The village of Brookfield has set its sights on acquiring three parcels of land that have appeared on a preliminary list of properties eligible for Cook County’s No-Cash Bid Program.

The county established the program more than a decade ago to help municipalities get tax-delinquent properties back on the tax rolls. On March 13, village officials announced they were seeking to begin the no-cash bid process to acquire two commercial properties on Ogden Avenue and a residential property on Henrietta Avenue.

According to a memo, discussed at the Brookfield Village Board’s committee of the whole meeting on March 13, the village will investigate acquiring 9400 Ogden Ave., formerly home to B&H Auto, which closed after the death of its owner in February, and 8834 Ogden Ave., formerly home to Weger Polishing Service.

Both are tax-delinquent properties and lie within the village’s Ogden Avenue Tax Increment Financing (TIF) District, where officials are looking to spur redevelopment.

“The properties are in a TIF, so they are, by definition, in a priority area for the village,” said Nick Greifer, Brookfield community and economic development director. “Even if it’s just a sliver, it helps us work with future developers and business owners who might want to invest here.”

Greifer said controlling commercial properties make it easier for developers to assemble land for larger projects.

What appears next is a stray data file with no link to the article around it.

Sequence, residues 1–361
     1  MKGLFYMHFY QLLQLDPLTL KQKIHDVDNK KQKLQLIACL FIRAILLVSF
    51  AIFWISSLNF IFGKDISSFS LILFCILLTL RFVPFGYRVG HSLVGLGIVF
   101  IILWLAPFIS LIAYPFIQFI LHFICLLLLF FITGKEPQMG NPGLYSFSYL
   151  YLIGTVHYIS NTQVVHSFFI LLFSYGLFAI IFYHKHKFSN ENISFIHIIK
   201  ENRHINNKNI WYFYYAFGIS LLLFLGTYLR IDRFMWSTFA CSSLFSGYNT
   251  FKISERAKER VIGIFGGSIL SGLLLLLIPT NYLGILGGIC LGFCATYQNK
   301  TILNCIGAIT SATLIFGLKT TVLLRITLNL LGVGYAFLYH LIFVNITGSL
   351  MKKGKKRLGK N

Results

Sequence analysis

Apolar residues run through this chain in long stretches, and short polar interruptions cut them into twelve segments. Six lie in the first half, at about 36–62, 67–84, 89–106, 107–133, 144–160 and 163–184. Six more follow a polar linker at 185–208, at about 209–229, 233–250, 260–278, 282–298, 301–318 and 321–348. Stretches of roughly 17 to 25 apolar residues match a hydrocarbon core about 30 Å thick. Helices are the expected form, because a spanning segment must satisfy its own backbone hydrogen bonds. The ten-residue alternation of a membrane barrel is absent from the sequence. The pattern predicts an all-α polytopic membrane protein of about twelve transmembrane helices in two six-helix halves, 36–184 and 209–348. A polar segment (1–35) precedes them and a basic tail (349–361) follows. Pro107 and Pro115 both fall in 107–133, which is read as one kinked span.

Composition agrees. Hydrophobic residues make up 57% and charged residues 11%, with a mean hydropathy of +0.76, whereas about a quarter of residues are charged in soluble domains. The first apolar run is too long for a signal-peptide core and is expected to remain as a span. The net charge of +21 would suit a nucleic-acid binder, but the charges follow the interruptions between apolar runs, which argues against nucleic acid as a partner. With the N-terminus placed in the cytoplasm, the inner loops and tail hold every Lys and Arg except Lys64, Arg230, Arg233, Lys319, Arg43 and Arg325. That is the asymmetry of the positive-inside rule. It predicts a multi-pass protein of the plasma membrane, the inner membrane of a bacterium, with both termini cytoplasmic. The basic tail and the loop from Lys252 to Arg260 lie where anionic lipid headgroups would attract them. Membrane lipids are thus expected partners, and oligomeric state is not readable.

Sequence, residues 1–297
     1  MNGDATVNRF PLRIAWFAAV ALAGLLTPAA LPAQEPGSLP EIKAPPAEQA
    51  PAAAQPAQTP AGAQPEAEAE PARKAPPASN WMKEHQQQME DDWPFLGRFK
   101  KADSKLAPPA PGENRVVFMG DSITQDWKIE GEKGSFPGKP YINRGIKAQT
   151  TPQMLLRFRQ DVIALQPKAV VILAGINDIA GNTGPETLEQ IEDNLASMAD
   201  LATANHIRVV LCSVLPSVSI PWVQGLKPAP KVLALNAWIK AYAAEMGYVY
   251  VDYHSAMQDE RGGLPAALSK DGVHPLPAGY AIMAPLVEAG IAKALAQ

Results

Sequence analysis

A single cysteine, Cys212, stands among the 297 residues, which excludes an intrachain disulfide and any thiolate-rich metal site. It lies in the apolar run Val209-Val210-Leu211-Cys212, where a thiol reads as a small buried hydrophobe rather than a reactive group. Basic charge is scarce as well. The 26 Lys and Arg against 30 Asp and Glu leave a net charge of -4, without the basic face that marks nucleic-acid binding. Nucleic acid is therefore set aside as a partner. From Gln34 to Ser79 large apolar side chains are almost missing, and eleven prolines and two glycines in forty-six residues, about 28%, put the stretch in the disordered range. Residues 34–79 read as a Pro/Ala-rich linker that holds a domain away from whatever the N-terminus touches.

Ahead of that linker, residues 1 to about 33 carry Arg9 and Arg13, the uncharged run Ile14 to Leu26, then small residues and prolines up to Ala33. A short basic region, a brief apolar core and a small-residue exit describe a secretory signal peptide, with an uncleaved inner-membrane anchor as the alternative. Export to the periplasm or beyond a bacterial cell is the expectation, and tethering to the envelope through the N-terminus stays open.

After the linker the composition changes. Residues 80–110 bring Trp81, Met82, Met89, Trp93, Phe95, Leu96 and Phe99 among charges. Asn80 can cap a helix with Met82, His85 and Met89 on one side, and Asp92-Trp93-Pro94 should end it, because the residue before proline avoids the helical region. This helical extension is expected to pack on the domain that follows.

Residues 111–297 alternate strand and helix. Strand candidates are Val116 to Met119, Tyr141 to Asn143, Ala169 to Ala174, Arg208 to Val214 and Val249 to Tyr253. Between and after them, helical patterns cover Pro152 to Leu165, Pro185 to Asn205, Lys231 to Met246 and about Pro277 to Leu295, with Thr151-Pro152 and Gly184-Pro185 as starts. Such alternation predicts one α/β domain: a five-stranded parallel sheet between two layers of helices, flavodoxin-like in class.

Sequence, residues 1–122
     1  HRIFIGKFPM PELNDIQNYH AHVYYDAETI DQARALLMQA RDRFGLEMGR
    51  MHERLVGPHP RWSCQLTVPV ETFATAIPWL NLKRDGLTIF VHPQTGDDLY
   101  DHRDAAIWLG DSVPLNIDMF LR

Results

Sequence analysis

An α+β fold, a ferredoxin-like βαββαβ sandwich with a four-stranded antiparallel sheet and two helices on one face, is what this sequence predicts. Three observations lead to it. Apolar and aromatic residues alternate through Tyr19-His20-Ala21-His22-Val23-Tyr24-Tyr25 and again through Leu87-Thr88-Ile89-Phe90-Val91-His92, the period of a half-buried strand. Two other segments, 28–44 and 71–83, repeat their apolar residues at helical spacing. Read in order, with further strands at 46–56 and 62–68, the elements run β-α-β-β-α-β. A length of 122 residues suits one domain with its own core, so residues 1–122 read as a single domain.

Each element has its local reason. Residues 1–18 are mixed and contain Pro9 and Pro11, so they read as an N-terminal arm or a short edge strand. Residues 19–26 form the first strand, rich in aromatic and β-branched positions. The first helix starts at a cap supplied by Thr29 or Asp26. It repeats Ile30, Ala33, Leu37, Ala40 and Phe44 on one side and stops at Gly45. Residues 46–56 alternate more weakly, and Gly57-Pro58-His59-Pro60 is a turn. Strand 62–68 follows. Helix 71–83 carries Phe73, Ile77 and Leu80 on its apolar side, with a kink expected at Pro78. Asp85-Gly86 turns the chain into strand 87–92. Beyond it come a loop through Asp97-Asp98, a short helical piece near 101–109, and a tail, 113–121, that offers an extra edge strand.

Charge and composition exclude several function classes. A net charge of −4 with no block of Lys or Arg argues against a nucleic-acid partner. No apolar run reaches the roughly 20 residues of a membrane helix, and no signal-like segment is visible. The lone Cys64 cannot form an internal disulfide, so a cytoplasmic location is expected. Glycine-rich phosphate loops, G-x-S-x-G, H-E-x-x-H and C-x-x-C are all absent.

“We’re not competing, we’re supporting and working with future real estate investors,” Greifer said. “This tool enables us to do that.”

There are no plans to develop either property at this time, Greifer said, “but it affords us on a fortuitous basis an opportunity to participate.”

Brookfield is also seeking to acquire residential property at 9401 Henrietta Ave. The parcel that appears to be eligible for the no-cash bid program is not a home but an adjacent side lot. The home at 9401 Henrietta Ave. is a longtime neighborhood eyesore due to its blighted condition.

Greifer admitted that it was a little awkward to acquire the side lot and lot the home, but said it still made sense to investigate obtaining it.

“The one has been prioritized by virtue of being in terrible condition and an eyesore,’ Greifer said. “It helps us either work with the current owner or a future owner.”

The home was a victim of “massive under-maintenance that’s resulted in blight.”

“The neighbors want the village to step in,” Greifer said.

There’s no guarantee Brookfield will end up acquiring the properties, said Greifer, but the village board later this month is expected to authorize spending up to $25,000 to begin moving through the process, which could take 12 to 18 months to complete.

Brookfield has used the no-cash bid process three times since 2000. 

In 2004, Brookfield acquired the parcel on the northeast corner of Ogden and Eberly avenues, a former abandoned auto dealership that’s now home to a Sherwin Williams paint store. 

The village picked up the Brookfield Bowl and an adjacent parking lot in the 3400 block of Maple Avenue in 2014 and 2016 respectively. Those properties await redevelopment.